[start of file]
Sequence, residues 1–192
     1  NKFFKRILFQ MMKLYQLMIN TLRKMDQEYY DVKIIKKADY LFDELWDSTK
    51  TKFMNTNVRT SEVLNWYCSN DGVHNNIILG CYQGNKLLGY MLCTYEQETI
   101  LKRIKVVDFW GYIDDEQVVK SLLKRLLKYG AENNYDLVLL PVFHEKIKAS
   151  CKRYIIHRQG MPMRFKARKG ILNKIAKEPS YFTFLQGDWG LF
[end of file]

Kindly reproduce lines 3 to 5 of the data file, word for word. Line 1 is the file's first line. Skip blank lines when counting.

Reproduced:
    51  TKFMNTNVRT SEVLNWYCSN DGVHNNIILG CYQGNKLLGY MLCTYEQETI
   101  LKRIKVVDFW GYIDDEQVVK SLLKRLLKYG AENNYDLVLL PVFHEKIKAS
   151  CKRYIIHRQG MPMRFKARKG ILNKIAKEPS YFTFLQGDWG LF